The Solar System What is the solar system? It is our Sun and everything that travels around it. Our solar system is elliptical in shape. That means it is shaped like an egg. Earth s orbit is nearly circular.
7. Our Solar System Terrestrial & Jovian planets Seven large satellites [moons] Chemical composition of the planets Asteroids & comets The Terrestrial & Jovian Planets Four small terrestrial planets Like
Chapter 6 Formation of Planetary Systems: Our Solar System and Beyond What does the solar system look like? The solar system exhibits clear patterns of composition and motion. These patterns are far more
Monografías de la Real Academia de Ciencias de Zaragoza. 25: 115 120, (2004). Extra-solar massive planets with small semi-major axes? S. Fernández, D. Giuliodori and M. A. Nicotra Observatorio Astronómico.
Announcement Chapter 12 Asteroids, Comets, and Dwarf Planets Mastering astronomy assignment 11 Due May 11, 8 am Read Chapters 12 and 13 Two Types of Solar System Debris Comet-Asteroid Similarities Size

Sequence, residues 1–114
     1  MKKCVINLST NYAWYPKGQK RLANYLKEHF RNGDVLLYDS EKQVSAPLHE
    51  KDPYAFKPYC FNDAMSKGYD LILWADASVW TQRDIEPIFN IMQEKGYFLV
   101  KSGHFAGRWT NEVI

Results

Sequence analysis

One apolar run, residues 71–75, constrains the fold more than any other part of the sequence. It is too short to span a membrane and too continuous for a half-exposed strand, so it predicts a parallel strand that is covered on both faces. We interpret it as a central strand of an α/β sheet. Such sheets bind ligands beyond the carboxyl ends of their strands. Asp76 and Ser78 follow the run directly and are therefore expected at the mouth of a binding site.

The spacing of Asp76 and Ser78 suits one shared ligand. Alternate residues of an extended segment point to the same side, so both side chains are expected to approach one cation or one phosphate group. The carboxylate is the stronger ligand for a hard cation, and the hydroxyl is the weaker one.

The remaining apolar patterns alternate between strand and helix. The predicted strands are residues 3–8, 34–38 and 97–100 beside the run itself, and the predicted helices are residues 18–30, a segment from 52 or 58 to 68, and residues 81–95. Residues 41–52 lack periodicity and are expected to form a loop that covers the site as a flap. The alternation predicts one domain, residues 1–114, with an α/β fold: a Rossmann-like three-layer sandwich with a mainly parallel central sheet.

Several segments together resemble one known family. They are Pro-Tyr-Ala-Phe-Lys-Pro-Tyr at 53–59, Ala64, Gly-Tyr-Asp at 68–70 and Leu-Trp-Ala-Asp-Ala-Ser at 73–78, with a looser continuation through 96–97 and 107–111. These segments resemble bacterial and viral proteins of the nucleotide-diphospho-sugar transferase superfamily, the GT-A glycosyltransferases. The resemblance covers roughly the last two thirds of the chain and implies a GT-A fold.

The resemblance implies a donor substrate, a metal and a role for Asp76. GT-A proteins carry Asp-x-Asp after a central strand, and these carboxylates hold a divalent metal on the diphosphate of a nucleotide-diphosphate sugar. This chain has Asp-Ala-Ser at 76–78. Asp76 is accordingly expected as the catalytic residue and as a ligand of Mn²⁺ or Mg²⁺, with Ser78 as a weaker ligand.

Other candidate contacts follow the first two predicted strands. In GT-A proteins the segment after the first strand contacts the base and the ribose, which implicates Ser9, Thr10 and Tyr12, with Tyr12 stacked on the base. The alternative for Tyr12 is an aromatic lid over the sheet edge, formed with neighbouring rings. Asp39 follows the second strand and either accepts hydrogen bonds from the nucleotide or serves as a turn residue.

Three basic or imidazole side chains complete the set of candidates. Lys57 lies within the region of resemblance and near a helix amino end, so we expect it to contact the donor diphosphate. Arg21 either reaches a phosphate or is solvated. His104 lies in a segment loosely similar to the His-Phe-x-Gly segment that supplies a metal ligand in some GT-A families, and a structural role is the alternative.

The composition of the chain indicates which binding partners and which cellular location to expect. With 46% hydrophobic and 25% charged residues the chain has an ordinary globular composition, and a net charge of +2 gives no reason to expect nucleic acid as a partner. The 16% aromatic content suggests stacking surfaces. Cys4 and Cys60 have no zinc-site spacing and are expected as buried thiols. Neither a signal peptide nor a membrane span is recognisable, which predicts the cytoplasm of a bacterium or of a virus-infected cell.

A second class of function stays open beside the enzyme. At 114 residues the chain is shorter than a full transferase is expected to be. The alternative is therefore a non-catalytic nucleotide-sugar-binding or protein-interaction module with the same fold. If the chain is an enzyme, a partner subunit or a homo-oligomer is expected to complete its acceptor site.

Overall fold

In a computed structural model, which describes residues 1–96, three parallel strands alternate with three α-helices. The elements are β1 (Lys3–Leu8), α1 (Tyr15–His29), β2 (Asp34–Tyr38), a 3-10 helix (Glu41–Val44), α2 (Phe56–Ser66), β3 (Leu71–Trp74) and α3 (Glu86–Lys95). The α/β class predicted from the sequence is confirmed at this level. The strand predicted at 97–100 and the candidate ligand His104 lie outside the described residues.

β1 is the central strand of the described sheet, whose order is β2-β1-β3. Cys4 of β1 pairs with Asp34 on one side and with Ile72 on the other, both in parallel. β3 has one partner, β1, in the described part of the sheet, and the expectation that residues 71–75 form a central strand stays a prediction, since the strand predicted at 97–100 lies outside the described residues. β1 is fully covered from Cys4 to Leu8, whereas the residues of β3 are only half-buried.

Astronomy 110: SURVEY OF ASTRONOMY 4. Formation of Solar Systems 1. A Survey of the Solar System 2. The Solar System s Early History 3. Other Planetary Systems The solar system s rich and varied structure
Exercises 131 The Falling Apple (page 233) 1 Describe the legend of Newton s discovery that gravity extends throughout the universe According to legend, Newton saw an apple fall from a tree and realized
Solar System Overview Planets: Four inner planets, Terrestrial planets Four outer planets, Jovian planets Asteroids: Minor planets (planetesimals) Meteroids: Chucks of rocks (smaller than asteroids) (Mercury,
Formation of the Solar System (Chapter 8) Based on Chapter 8 This material will be useful for understanding Chapters 9, 10, 11, 12, 13, and 14 on Formation of the solar system, Planetary geology, Planetary
Introduction to the Solar System Lesson Objectives Describe some early ideas about our solar system. Name the planets, and describe their motion around the Sun. Explain how the solar system formed. Introduction
The long-term stability of planetary systems Long-term stability of planetary systems The problem: A point mass is surrounded by N > 1 much smaller masses on nearly circular, nearly coplanar orbits. Is
Cosmic Journey: A Solar System Adventure General Information Imagine it a huge spiral galaxy containing hundreds of billions of stars, spiraling out from a galactic center. Nestled deep within one of the